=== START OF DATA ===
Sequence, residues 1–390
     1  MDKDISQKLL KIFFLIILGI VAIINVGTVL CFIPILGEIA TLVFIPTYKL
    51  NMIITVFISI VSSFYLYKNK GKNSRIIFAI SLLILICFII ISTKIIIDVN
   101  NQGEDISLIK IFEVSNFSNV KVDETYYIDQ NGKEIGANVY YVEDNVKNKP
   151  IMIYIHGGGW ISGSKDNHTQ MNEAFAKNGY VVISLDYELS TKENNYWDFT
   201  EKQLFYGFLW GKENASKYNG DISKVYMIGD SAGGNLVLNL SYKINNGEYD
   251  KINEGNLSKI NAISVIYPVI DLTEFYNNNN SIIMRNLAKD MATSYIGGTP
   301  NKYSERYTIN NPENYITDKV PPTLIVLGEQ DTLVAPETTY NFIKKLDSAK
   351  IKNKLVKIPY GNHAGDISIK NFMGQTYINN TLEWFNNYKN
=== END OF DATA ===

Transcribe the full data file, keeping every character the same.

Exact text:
Sequence, residues 1–390
     1  MDKDISQKLL KIFFLIILGI VAIINVGTVL CFIPILGEIA TLVFIPTYKL
    51  NMIITVFISI VSSFYLYKNK GKNSRIIFAI SLLILICFII ISTKIIIDVN
   101  NQGEDISLIK IFEVSNFSNV KVDETYYIDQ NGKEIGANVY YVEDNVKNKP
   151  IMIYIHGGGW ISGSKDNHTQ MNEAFAKNGY VVISLDYELS TKENNYWDFT
   201  EKQLFYGFLW GKENASKYNG DISKVYMIGD SAGGNLVLNL SYKINNGEYD
   251  KINEGNLSKI NAISVIYPVI DLTEFYNNNN SIIMRNLAKD MATSYIGGTP
   301  NKYSERYTIN NPENYITDKV PPTLIVLGEQ DTLVAPETTY NFIKKLDSAK
   351  IKNKLVKIPY GNHAGDISIK NFMGQTYINN TLEWFNNYKN